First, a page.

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One of the many disappointments in one of the least green budgets you could imagine was the lack of detail about key elements in the coalition Government’s green agenda. Having announced that they intend to intervene in the energy market in various ways to support low carbon investment it is important that a clear timetable is adhered to and yet there were no more details made available in yesterday’s budget. If ideas such as the green investment bank and introducing a carbon floor price take a long time to be realized, rather than encourage more investment, they are likely to dissuade investors who will not want to commit funds to projects if the rules of the game are about to be changed.

The issue closest to our heart is the potential introduction of a floor price into the carbon market in the UK and we’ve written [a briefing](/site_media/pdfs/reports/CarbonFloorPriceBriefing.pdf “”) looking at what I means and how it might operate.

The basic idea is to reform the existing Climate Change Levy so that it applies upstream and acts as an insurance policy against lower than expected prices in the carbon market. There are lots of details that need to be fleshed out before a conclusion can be reached about whether it is a sensible policy or not.

A few things can be said already, however:

Reform of the CCL is long overdue as it currently taxes energy use not the carbon content of the energy used, so looking again at its design is a welcome development.

The carbon floor price may create a clearer investment opportunity in the UK, however, it will not save a single tonne extra of carbon unless fewer permits are issued into the market. (This is because caps are preset by the number of permits handed out so any policy that just affects price and not the supply of permits has no additional environmental impact overall). So in terms of value for money it must be assessed as an industrial rather than environmental policy. And it must not become an alternative to seeking the long term solutions to the problems in the carbon market which are tighter caps, more use of auctioning and more limits on offsetting.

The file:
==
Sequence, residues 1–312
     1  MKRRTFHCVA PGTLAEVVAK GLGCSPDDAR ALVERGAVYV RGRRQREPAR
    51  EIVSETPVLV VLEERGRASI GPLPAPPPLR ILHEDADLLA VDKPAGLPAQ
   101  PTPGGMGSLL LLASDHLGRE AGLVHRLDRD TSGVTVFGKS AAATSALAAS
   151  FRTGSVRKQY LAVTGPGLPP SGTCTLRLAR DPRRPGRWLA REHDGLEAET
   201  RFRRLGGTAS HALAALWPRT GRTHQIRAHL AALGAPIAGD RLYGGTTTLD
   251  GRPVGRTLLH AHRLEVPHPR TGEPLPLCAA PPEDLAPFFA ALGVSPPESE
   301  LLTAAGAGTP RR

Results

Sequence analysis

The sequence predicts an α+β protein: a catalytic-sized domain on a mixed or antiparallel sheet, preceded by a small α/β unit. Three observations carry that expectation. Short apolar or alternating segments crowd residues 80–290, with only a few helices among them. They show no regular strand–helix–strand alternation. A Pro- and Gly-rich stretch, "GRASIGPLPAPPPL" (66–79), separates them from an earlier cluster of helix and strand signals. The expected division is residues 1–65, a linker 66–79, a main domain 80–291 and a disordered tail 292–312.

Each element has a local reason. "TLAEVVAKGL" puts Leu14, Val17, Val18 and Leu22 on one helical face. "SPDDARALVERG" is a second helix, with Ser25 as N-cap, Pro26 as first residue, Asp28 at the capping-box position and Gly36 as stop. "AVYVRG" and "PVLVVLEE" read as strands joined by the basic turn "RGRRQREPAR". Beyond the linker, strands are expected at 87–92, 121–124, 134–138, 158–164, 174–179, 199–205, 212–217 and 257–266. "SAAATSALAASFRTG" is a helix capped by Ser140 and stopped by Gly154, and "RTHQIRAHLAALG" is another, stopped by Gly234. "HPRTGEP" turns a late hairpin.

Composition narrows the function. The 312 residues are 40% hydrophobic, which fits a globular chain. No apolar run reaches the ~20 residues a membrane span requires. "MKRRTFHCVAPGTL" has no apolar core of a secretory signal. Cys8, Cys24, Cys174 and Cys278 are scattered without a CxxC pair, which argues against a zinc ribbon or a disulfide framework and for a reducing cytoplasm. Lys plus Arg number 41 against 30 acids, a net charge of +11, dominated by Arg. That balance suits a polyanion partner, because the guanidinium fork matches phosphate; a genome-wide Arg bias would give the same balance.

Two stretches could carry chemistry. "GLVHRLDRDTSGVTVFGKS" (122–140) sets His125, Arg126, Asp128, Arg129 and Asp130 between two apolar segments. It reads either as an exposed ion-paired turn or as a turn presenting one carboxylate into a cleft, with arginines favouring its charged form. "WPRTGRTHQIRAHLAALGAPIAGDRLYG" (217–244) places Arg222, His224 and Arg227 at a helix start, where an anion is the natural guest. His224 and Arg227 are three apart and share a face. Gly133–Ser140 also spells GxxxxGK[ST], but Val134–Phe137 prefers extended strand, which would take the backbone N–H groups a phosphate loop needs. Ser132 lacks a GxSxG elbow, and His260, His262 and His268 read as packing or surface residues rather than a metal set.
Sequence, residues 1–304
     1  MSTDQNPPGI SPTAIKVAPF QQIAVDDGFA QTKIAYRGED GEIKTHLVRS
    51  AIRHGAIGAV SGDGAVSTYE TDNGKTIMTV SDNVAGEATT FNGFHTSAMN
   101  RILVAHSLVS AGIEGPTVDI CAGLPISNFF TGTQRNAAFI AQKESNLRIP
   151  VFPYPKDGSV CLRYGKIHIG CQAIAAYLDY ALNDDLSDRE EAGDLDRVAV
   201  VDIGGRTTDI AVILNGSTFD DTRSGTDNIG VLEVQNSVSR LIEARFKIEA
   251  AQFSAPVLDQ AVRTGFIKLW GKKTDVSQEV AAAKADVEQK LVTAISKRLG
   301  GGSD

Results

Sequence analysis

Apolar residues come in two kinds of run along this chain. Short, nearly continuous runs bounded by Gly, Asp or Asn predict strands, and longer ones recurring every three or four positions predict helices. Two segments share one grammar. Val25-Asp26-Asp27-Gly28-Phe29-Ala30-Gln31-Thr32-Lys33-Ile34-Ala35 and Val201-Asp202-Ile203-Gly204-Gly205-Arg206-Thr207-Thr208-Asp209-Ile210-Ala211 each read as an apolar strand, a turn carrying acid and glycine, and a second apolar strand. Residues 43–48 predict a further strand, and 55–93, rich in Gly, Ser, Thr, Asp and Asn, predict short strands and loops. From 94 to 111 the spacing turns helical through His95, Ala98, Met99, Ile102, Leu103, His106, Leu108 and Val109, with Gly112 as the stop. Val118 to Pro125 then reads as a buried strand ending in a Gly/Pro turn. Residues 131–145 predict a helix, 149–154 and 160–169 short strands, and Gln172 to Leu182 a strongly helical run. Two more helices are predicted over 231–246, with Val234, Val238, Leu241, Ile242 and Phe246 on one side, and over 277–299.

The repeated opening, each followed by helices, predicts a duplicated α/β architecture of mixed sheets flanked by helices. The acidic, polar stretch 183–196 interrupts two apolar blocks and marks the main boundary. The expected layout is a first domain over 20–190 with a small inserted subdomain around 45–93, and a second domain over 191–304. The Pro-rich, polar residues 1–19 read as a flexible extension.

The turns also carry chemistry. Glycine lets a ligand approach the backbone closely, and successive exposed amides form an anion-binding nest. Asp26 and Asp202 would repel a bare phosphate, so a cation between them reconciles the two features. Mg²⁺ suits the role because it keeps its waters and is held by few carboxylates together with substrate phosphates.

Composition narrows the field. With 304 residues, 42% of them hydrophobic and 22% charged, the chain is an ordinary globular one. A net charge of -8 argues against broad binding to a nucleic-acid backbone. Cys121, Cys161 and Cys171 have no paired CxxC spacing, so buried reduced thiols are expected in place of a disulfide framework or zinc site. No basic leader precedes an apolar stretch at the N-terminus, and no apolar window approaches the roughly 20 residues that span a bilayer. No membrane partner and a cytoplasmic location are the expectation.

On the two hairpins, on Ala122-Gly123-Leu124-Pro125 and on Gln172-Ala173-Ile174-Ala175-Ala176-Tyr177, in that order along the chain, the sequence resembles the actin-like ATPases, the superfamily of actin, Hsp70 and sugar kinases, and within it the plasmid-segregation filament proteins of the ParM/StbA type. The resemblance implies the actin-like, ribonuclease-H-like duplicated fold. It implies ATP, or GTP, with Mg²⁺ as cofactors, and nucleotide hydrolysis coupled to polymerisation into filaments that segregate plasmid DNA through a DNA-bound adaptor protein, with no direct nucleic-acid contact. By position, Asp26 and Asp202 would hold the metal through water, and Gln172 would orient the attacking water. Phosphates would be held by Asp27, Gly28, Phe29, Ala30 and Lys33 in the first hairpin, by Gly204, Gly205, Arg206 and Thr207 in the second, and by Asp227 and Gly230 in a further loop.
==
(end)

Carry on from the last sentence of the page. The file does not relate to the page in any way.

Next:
Finally, if introduced now it has the potential to deliver large windfalls to existing low carbon generation currently on the system and already paid for/ subsidised by the public purse or via our energy bills. One of the main beneficiaries would be EDF/British Energy who currently operate a large portion of the UK’s existing nuclear power stations. They also have public plans to build more.

Call me cynical but this could be a well-timed windfall-generating policy mainly benefiting one major company. UK consumers of electricity should be very interested in this and demand to know the proposed details as soon as possible.